Before the race, Le Clos did a whole shadowboxing routine right in front of a brooding Phelps. Four years ago in London, Le Clos barely beat Phelps for the gold medal in the 200m butterfly, and he seemed to want to taunt the big guy about it in Rio.

And taunt he did. He did the shadowboxing, and then he stared him down before and DURING THE RACE. And, after Le Clos taunted Phelps more significantly more than Efimova had taunted anybody about anything  - Phelps spoke to NBC's Michelle Tafoya.

Tafoya was BEGGING him to react to the antics and not simply the swimming. You could see the sparkle in his eye when he realized what was happening, and I almost expected him to go Bad Boy Phelps and take the bait.

But Phelps, being the experienced athlete that he is, elected to focus exclusively on the race. That's why today you will see a lot of pictures of Phelps' angry face like this:

And you might even see some attempted memes like this:

But you won't see any electric quotes attacking a competitor in front of millions of people and effectively ruining their career. Because, at the end of the day, the Olympics is a sports competition and it's supposed to bring people together. Quick sidestep: these gymnasts are from North and South Korea, whose countries hate each other even more than we hate Russia. No slander or hatred here:

Let's get back to Phelps electing not to call our Le Clos in his postgame press conference. To be fair, I'm sure Le Clos will be 100% fine if Phelps obliterates him in the pool and ethers him in the postgame interview tonight. He seems like the stereotypical rich South African cocky guy. He'll survive. 

But, as the saying goes, It's Different For Girls. 

Yulia Efimova will be the only non-American swimmer that anybody remembers from this Olympics, and the only reason her name garnered any attention was Lilly King's needless call-out. She's not going to be a three-time Olympian, or the girl who was once named the Breakthrough Swimmer Of The Year, or the one-time world record holder in the 50m and 200m, or the girl who has lived and trained on American soil for the last five years. 

Nope. She's just going to be that girl who was shooting up with a crazy third world drug to turn her into a musclehead she-hulk. 

Oh wait, what? Maria Sharapova was taking the same drug when she got suspended from tennis? And she had been taking it for TEN YEARS?

This is the "drug cheating" that Lilly King plastered on Yulia Efimova's face. Meldonium improves blood flow, and the Russian coaches started giving it to everyone they possibly could. It's approved by the FDA for use in the United States. It would, however, provide an advantage for swimmers. And then, when it was deemed illegal by the IOC, many of those swimmers who had been using it stopped.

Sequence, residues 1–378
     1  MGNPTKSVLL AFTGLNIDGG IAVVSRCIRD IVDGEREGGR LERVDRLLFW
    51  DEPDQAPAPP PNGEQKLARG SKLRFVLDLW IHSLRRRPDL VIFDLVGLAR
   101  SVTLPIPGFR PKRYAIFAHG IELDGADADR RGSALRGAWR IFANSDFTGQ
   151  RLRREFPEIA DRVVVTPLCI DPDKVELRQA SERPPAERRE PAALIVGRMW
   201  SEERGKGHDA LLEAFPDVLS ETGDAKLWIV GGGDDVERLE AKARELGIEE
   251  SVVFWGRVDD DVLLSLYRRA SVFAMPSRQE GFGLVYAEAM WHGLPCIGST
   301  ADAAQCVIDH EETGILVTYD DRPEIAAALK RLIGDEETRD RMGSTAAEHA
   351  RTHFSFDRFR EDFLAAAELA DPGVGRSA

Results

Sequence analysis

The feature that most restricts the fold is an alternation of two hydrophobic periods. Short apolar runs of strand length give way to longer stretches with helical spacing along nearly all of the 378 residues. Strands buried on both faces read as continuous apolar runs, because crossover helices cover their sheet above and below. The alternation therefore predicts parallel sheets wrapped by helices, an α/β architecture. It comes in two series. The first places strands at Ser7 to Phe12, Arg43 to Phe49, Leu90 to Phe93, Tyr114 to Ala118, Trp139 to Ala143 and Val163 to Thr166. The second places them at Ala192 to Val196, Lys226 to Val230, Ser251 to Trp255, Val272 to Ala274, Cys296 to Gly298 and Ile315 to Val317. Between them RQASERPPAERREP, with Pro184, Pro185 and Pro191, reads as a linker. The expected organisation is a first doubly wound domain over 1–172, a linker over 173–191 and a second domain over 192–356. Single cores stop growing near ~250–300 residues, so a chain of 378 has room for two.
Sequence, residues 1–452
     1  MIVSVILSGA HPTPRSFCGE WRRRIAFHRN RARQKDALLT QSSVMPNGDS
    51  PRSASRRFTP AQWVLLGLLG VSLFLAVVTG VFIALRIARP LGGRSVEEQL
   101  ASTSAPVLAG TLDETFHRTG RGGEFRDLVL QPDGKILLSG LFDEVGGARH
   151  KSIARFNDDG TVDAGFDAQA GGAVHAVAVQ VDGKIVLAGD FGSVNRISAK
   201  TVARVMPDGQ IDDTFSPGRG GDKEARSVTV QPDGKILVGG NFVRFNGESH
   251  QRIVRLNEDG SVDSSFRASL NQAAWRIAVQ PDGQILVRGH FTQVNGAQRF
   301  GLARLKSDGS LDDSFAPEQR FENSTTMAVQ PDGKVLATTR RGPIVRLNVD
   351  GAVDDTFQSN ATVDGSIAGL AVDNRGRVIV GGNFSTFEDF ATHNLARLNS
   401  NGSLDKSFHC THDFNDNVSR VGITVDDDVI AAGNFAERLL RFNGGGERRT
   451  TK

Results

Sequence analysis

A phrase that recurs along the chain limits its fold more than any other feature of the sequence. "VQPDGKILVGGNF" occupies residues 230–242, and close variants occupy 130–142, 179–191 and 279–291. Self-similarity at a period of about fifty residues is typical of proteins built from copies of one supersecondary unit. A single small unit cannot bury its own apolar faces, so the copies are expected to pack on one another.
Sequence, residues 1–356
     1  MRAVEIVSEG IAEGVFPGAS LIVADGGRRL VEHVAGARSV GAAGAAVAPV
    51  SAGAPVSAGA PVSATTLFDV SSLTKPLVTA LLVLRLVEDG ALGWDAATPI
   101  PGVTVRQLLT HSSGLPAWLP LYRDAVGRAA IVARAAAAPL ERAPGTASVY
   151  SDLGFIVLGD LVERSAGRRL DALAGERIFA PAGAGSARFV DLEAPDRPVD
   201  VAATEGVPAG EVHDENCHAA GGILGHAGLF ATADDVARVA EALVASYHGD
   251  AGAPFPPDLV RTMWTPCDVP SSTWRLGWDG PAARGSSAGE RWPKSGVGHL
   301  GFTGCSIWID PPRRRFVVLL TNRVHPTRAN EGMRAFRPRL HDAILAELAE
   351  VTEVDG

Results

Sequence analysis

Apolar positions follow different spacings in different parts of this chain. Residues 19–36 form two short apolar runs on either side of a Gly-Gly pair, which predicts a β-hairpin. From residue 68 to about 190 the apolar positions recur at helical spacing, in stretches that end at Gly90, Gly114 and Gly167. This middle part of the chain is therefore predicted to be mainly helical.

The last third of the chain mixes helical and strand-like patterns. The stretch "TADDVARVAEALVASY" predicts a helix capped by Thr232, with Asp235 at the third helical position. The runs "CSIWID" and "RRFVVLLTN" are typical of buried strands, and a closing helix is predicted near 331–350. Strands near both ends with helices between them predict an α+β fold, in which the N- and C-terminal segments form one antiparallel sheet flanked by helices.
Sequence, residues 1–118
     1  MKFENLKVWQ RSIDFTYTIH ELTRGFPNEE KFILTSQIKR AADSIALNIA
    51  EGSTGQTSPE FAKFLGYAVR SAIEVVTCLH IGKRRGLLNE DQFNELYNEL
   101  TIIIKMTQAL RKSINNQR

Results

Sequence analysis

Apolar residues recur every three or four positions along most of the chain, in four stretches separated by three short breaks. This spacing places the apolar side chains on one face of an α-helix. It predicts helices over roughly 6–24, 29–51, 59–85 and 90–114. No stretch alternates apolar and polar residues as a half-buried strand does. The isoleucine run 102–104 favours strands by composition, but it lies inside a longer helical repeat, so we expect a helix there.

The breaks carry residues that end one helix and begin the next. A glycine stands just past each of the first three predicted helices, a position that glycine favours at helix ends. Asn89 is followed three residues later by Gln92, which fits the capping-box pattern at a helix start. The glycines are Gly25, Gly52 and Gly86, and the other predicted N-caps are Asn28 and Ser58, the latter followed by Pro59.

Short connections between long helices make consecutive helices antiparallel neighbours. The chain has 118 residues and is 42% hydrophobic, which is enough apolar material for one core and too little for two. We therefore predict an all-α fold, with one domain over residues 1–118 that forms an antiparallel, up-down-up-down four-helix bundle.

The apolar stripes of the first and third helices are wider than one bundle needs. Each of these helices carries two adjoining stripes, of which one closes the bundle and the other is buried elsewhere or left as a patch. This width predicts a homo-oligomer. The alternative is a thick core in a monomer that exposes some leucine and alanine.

But don't tell that to Lilly King though, because she seems to think that Efimova blasted herself full of HGH right before the race:
Afterwards, King was unrepentant on her earlier comments about Efimova. “I basically said what everybody’s thinking,” she said after the final. “They were glad I spoke out and I had the guts to say that and I appreciate their support."
Donald Trump parallels aside,  I would think that anyone who supports any kind of athletics would be against one competitor bullying another - and using media and the crowd to antagonize that person.

At the end of the day, when they got in the pool together in August, all of the competitors were CLEARED BY THE WORLD ANTI-DOPING AGENCY to compete fairly. And "queen bee" (I don't think I could possibly make those air quotes big enough) Lilly King decided to bully this girl around and effectively ruin her Olympic experience and her career from this point forward.

No magazine is going to feature her. No major worldwide apparel company is going to sponsor her. NBC made sure that she was shown strictly in a negative light, and there's probably no chance she ever comes back from it. I won't pretend to know enough about Russia to know how she's going to be treated there, but I have to think all of this negative press will be the end of her in the mainstream American and European media.

So goodbye forever Yulia, enjoy your silver medal. Maybe we'll see you sometime in the future.